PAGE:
Communication breakdown: what’s going on with the legal aid helpline?

communication breakdownThe Legal Action Group (LAG) has uncovered a surprising 52% shortfall in the take-up of legal aid cases from the civil legal aid helpline – the mandatory telephone gateway for debt, discrimination and special educational needs.

LAG’s figures, reproduced in the Low Commission report into the future of legal advice and support, show that some 3,586 legal aid cases were taken up from helpline callers in the first quarter of 2013/14 – a figure somewhat short of the government’s own projection of 7,452.

Moreover, calls to the helpline actually fell in 2013, from 35,000 in April 2013, to 20,000 in July. So, why didn’t those thousands of people make the call?

Carol Storer, director, Legal Aid Practitioners Group, said: “It’s extremely worrying. Are those people not pursuing their cases? Are they going to court on their own?”

“There may be a deterrent effect from the publicity surrounding legal aid, leading people to believe they can no longer get legal aid. It’s very difficult finding out what legal aid is available for because government information on it is so complex. LAPG has put together a poster (HERE) showing who can get legal aid for what, and I have already had a judge emailing me to ask if they can have a copy for the court.”

Steve Hynes, director, LAG, says: “This is a big concern for us. The helpline can work for some clients but it’s clearly not working for all. For example, an employment case may actually be about discrimination but that is a difficult thing to establish over the phone. We knew there would be problems filtering cases in this way. If I was being cynical, I would think [the government] want to suppress demand.”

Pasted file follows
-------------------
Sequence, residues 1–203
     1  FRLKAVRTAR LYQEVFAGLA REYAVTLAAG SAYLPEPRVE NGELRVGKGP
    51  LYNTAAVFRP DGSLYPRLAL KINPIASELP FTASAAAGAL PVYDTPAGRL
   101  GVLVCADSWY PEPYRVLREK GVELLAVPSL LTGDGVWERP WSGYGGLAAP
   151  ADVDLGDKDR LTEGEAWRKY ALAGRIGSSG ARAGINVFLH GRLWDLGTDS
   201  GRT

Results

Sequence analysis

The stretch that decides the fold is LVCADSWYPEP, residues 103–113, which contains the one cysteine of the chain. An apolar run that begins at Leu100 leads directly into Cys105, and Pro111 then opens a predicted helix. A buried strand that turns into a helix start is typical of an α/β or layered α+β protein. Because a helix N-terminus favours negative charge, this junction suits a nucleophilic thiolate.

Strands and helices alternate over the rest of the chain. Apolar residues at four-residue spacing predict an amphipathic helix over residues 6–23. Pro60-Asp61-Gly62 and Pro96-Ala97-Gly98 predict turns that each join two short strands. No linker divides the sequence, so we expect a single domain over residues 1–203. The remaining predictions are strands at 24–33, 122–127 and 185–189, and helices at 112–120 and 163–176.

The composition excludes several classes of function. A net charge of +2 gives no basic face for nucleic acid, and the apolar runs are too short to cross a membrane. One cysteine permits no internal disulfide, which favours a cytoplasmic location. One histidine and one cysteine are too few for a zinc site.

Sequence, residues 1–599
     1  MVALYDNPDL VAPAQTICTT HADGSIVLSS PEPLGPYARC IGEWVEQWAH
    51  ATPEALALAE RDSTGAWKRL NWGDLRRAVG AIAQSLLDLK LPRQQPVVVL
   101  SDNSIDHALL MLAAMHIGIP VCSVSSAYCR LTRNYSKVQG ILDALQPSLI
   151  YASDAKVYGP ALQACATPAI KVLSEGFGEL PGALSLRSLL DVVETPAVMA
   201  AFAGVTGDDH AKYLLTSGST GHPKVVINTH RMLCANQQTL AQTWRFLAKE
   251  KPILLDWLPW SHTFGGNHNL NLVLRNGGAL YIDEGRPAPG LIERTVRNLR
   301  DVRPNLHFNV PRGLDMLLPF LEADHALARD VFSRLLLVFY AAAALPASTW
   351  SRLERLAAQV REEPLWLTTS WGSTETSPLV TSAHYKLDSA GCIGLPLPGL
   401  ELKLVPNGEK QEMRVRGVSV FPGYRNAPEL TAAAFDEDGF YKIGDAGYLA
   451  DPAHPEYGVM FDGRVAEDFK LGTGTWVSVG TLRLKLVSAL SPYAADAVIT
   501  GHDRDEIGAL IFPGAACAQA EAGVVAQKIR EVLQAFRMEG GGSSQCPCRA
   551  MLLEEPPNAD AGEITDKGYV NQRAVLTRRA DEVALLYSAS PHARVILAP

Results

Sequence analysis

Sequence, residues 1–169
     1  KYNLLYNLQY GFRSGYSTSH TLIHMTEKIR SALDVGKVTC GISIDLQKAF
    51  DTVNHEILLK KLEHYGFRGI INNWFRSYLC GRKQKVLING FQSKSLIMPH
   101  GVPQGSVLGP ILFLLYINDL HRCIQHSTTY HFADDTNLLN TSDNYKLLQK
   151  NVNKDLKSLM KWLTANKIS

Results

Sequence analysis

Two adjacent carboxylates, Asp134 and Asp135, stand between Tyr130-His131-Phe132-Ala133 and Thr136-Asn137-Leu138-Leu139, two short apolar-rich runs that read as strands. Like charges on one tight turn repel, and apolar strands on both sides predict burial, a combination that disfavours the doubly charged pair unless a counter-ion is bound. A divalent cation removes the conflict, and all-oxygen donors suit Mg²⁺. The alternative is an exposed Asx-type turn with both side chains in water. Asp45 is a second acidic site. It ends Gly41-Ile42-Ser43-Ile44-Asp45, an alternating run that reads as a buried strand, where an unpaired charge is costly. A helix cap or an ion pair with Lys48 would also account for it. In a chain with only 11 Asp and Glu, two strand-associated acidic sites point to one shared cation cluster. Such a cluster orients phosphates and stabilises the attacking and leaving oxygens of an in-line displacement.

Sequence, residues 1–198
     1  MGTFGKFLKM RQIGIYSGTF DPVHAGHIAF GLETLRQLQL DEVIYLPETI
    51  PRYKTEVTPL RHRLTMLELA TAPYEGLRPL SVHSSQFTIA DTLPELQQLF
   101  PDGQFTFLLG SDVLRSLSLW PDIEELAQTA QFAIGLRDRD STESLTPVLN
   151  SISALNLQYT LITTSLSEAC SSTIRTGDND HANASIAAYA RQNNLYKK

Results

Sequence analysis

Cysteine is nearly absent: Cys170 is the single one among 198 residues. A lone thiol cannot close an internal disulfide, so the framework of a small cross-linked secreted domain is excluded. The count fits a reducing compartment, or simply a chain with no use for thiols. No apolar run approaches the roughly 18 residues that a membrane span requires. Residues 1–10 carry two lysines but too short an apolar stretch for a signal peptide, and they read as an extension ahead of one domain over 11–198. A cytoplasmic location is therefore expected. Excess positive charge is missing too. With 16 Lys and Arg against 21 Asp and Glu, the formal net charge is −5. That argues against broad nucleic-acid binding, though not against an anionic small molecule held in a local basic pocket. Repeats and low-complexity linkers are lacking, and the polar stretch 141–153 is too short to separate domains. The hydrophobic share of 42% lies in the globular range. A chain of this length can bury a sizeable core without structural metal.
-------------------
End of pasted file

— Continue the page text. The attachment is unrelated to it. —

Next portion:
“It can work – like NHS Direct, some like it and others don’t,” continues Hynes. “Unlike NHS Direct, you don’t have the services on the ground. There has also been a knock-on effect from the publicity surrounding legal aid, where the perception of the public is that it is no longer available so they don’t come forward.”

Hynes continues: “If you look at the pattern of legal aid services, the take-up has always been determined by the availability of firms and law centres, and when those are taken away then take-up is reduced. We have also been critical of the way the helpline has been publicized, they should do more to promote it, and it is difficult to get to on the directgov website.

‘There should be a helpline, but existing resources would be better spent by bringing it together with Citizens Advice as one national helpline.’

As previously reported in LegalVoice, law centre staff have reported that many debt clients find the telephone gateway ‘too complex’ to use, and fail to access the help they need.

An MoJ spokesperson point out that the CLA helpline telephone number has not changed since 2004, and since April it has been complemented by an online legal aid checker on GOV.UK which is “heavily promoted, specifically to support clients affected by LASPO changes”.

“The point of the telephone number is for staff to test the caller’s eligibility and direct to potential sources of assistance,” the MoJ says. “The number of calls increased between 2012 and 2013, yet given the changes to the types of cases handled by the helpline we fully expected that the numbers of callers to the service would decrease as people make use of the online checker, accessible 24/7. “We have one of the most expensive legal aid systems in the world at around £2 billion every year. We make to tough choices in reforming legal aid to make the savings we have no choice but to find. Our reforms ensure legal aid remains sustainable, and available to those most in need of a lawyer.”

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